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Freedom to forgive

By Leanne Delap | December 2, 2015
Freedom to forgive
Amanda Lindhout

After a long captivity in Somalia, Amanda Lindhout looked past her ordeal by creating a foundation that changes lives in the troubled African country

Canadian freelance journalist Amanda Lindhout had just arrived in Mogadishu, Somalia, in 2008 when she was taken hostage by a gang of teenage criminals. To survive her 460 days in captivity, she retreated from the horrendous conditions into her memories.
In an extraordinary act of forgiveness, Lindhout, now 34 and based in Canmore, Alta., brought to life an idea from the darkest days of her imprisonment. In 2010, she launched the Global Enrichment Foundation, which has provided aid and education to more than 300,000 people in the same war-torn, drought-plagued nation where she was once held hostage. Close to her heart is the GEF’s university scholarship program for Somali women. The foundation also partners with corporations to help them accomplish their humanitarian goals.

Lindhout, whose 2014 memoir A House in the Sky remains a New York Times bestseller, is a sought-after inspirational speaker and adviser to international governments, global leaders, non-profits and policymakers.

You’ve written about wanting to transform the fear you felt as a hostage into positive change in the world. Why did you start the Global Enrichment Foundation?

The idea for the GEF came to me when I was in what I call in my book the Dark House: a pitch-black room. Part of my survival strategy was to use my imagination to figure out what I would do when I was free. It sounds strange, but my strongest thought was to make positive change in that country. I was surrounded by teenage boys who had never been to school, and I couldn't help feeling that they would have been different people if they had a chance to learn about the world. And yes, I was thinking about the woman at the [Mogadishu] mosque who risked and possibly lost her life to help me.

I had no experience in the not-for-profit world, so there I was thinking, “Wouldn’t it be really cool to start a university scholarship for Somali women, to honour that woman at the mosque?”

How did you bring the foundation to life?

It was very hard getting it set up. Some people thought it was really sweet, or they thought it was strange. In either case, no one was lining up with cheques. But I never doubted whether it was the right thing to do. I surrounded myself with people who knew a lot more than I do.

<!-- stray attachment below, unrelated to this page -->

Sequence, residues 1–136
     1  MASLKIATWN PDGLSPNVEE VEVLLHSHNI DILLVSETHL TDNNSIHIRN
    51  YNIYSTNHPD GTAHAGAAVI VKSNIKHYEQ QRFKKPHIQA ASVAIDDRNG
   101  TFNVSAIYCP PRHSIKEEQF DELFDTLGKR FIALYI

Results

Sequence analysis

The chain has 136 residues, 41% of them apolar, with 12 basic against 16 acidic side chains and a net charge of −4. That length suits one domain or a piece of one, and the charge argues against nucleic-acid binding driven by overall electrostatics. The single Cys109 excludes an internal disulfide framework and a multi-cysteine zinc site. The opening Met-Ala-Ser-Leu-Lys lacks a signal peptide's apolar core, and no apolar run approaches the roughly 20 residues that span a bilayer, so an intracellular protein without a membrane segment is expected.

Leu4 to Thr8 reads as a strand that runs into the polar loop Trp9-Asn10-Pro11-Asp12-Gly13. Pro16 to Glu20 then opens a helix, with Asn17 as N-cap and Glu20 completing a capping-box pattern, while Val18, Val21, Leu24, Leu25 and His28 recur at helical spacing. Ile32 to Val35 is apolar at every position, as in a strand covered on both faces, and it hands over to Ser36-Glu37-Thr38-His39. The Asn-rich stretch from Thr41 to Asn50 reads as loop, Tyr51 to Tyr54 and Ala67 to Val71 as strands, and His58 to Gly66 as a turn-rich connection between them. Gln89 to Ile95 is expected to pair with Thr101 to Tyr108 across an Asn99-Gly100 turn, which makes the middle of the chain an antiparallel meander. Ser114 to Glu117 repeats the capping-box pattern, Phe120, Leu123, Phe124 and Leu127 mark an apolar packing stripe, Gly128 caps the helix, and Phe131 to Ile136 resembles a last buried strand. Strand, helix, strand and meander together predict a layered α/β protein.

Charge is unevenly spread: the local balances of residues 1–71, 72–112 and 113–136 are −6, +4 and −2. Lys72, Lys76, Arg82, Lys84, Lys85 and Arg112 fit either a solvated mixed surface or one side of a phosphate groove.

I talked my way into a postgrad diploma program at St. Frances Xavier in Antigonish, a six-month international development course. I surrounded myself with people who were experts in not-for-profits. And I surrounded myself with people from the Somali community. When I came home from captivity, I was overwhelmed by how many members of Somali community took time to contact me reach out with notes or invitations to community events.

So I gathered a group of leaders from the Somali community, especially Dr. Hussein Warsame of the University of Calgary, who was very familiar with the private university system in Somalia. With his help and the rest of the board, we were able to get that first program off the ground. It took a good year from inception. Today we partner with 14 universities across Somalia, in some regions that are very volatile and in some that are much more stable.

Was there an “aha” moment?

Everything changed in 2011, the year of a devastating famine in Somalia. I had planned my first trip back to Africa, to a Somali refugee camp in Kenya. I was there when the UN declared the famine. Looking at these people, the mandate that began as education – well, emergency aid became part of the mandate, and we started fundraising for famine relief.

The famine was a big news story, and I was an interesting angle for the media: a former hostage trying to raise money to feed people with our Convoy for Hope. We were a little grassroots and we were early on the ground, so we could do it. 

How did you come to the attention of the corporate world?

The publicity machine kicked in. Hamdi Ulukaya, the CEO of Chobani Yogurt, saw me on the Today show. He gave us $1-million U.S. for famine relief in one fell swoop. He is such a good person, so kind. 

We often get cheques for $10,000 or $15,000 that come as a result of me speaking. I’m not up there fundraising. But the corporate partners often set up the opportunity to donate. We also get small contributions from individual donors, and from students. They touch me deeply.

How can people, and companies, bring forgiveness, compassion and social responsibility to bear in everyday life?

A lot of people talk to me about their desire to make a difference, to be compassionate. It applies to business, in terms of social responsibility. You have to make a choice very deep in yourself to be a compassionate person. You have to commit to it almost daily. But just begin; make that choice. There is no shortage of opportunities.

Every person has a responsibility to give something back to the world, especially in a country like Canada. The more you do for others, the more you, your business and your family life benefit; you are a better, happier person. Giving of yourself is the greatest gift.

For more about Amanda Lindhout’s work in Somalia, visit

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